With the recent market volatility, fund investments have tended to opt for robust and low-risk products in this market, and quantitative funds, which are both offensive and defensive, have entered the range of choices. Quantitative funds are always referred to as quantitative hedge funds, so what do quantitative and hedge mean respectively? What is a quantitative fund ?

With the continuous development of the securities market in recent years, the introduction of financial derivative products, the abundance of short-selling instruments, the increasing complexity of investments and the fundamental changes in investment strategies and profit models, there has been a corresponding change in the composition of investors in the securities market. The share of professional investment managers is growing and is accelerating. Among them, quantitative hedging strategies, which aim at absolute expected annualized returns, have become one of the main investment strategies for institutional investors due to their low risk and stable expected annualized returns.

The term "quantitative hedging" is actually a combination of the concepts of "quantitative" and "hedging".

By way of comparison and summary, Yale Wealth believes that the following statement is the most intuitive: "quantitative" investing is distinct from traditional "qualitative" investing. Quantitative investment uses statistical and mathematical methods and computers to find a variety of "high probability" strategies that can deliver excess expected annualized returns from large amounts of historical data, and disciplined quantitative models constructed from these strategies to guide investments in order to achieve stable, sustainable, above-average excess returns. It is essentially the quantitative practice of qualitative investing. It follows that all products that employ quantitative investment strategies (including ordinary public funds, hedge funds, etc.) can be included in the quantitative fund category. The most important feature of quantitative investing is the emphasis on discipline, i.e. the ability to overcome the influence of subjective investor emotions.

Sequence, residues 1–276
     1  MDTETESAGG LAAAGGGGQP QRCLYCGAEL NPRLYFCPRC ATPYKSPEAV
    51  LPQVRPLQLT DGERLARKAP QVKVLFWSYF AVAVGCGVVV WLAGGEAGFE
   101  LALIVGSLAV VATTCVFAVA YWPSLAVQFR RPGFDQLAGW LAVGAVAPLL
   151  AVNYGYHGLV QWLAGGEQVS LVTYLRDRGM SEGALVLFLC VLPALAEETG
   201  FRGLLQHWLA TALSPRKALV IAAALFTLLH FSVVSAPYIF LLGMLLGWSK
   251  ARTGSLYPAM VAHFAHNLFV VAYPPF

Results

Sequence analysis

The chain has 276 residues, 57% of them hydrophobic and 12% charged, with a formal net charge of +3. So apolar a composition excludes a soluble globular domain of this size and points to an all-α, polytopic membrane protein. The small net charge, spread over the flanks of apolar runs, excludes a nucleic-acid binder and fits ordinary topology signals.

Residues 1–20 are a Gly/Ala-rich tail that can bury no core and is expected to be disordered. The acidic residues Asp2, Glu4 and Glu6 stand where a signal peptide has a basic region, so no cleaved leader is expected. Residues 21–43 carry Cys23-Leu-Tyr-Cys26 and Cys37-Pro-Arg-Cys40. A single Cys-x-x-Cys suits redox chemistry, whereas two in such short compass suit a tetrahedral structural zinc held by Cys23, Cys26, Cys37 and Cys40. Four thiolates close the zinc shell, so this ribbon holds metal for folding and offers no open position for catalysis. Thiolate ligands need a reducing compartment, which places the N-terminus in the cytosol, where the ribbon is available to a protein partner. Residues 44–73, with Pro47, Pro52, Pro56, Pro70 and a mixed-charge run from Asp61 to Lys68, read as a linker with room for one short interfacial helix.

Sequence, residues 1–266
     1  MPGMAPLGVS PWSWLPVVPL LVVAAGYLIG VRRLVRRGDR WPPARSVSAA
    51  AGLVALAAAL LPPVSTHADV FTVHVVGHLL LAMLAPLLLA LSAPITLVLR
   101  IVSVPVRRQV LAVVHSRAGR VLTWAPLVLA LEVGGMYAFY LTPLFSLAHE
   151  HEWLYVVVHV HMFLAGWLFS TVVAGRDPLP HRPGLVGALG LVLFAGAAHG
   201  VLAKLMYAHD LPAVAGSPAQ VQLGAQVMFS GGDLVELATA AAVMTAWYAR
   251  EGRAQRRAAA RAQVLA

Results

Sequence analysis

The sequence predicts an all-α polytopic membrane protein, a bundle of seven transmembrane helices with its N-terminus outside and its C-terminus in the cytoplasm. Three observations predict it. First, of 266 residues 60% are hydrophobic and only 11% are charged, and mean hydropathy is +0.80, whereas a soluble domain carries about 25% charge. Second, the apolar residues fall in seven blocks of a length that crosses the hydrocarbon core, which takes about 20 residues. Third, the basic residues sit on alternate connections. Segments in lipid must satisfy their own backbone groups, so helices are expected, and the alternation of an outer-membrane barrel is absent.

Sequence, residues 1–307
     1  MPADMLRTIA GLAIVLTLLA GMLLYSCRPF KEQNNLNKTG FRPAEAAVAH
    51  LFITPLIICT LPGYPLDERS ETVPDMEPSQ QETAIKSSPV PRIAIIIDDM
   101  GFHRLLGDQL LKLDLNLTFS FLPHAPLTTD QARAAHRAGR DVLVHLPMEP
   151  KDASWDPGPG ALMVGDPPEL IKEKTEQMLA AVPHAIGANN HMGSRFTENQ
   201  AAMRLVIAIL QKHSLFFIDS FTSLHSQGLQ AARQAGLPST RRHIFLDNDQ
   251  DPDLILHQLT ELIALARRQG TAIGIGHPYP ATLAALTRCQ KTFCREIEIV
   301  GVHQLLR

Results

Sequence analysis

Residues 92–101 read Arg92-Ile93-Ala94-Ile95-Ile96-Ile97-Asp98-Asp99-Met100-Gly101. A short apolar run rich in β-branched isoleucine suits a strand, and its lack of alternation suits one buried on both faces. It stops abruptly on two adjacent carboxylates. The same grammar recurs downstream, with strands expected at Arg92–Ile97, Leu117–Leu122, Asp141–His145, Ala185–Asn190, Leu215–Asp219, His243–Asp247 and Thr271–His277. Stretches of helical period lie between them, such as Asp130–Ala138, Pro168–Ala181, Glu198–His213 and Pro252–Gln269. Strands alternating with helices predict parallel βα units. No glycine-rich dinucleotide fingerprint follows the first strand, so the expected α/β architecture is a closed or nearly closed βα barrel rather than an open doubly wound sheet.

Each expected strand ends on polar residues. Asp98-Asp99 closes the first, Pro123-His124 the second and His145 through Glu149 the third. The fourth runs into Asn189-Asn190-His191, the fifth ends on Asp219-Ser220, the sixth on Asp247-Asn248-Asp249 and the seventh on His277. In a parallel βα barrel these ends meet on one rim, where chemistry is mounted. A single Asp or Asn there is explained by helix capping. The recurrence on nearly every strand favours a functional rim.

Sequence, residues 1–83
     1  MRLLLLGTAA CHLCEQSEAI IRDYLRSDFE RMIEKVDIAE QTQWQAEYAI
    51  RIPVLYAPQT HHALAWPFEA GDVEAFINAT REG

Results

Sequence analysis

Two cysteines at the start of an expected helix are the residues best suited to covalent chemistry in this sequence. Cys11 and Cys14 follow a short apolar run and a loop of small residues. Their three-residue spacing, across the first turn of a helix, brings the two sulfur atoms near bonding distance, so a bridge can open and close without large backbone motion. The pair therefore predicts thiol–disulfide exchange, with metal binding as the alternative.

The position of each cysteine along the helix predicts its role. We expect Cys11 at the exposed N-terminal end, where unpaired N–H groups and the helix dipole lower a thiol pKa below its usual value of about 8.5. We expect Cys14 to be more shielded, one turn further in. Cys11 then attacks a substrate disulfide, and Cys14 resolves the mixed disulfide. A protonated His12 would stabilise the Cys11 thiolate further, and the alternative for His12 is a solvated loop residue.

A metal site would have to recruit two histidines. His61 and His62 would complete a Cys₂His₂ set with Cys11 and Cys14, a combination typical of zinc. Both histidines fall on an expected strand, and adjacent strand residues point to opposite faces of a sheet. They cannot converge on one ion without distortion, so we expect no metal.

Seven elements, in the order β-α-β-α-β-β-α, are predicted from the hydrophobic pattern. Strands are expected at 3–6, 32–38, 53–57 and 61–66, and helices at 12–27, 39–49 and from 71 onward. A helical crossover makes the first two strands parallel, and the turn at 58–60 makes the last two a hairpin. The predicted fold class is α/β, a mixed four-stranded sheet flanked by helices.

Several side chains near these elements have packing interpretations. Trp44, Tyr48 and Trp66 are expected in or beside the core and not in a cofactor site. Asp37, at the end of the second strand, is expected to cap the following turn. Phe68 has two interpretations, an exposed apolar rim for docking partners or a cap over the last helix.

The concept of "hedging" was first introduced by Alfred W. Jones when he founded the first hedge fund in 1949, and he believed that "hedging" was about managing and reducing the systematic risk of a portfolio in response to changes in financial markets. Broadly speaking, hedge funds themselves are difficult to define and are generally defined as the use of financial derivatives such as futures and options and the associated long and short positions in different stocks to prevent or reduce risk and lock in profits.

Capital Asset Pricing Theory (CAPM) tells us that the expected annualized return on a portfolio is made up of two components.

The alpha expected annualized return is the expected annualized return of the portfolio over the market benchmark, and the beta expected annualized return is the expected annualized return of the portfolio from taking systematic market risk. Generally speaking, a good fund manager can achieve the alpha expected annualized return through stock selection and timing, but is not immune to the systematic risk associated with market declines. For example, in 2008, the SSE index fell by more than 60%, while the annualized expected return of products managed by good fund managers was around -30%. In this case, although they beat the market, they still lost money because the systematic risk of a market decline could not be effectively hedged. Yale Wealth Research believes that in combination with the domestic market, the single long form did have significant limitations in the past due to the lack of shorting instruments.

In contrast, hedging instruments can strip or reduce the systematic risk of a portfolio (beta expected annualized return) and capture pure alpha expected annualized returns, allowing the portfolio to capture positive expected annualized returns whether the market rises or falls, so hedge funds tend to seek absolute expected annualized returns rather than relative expected annualized returns.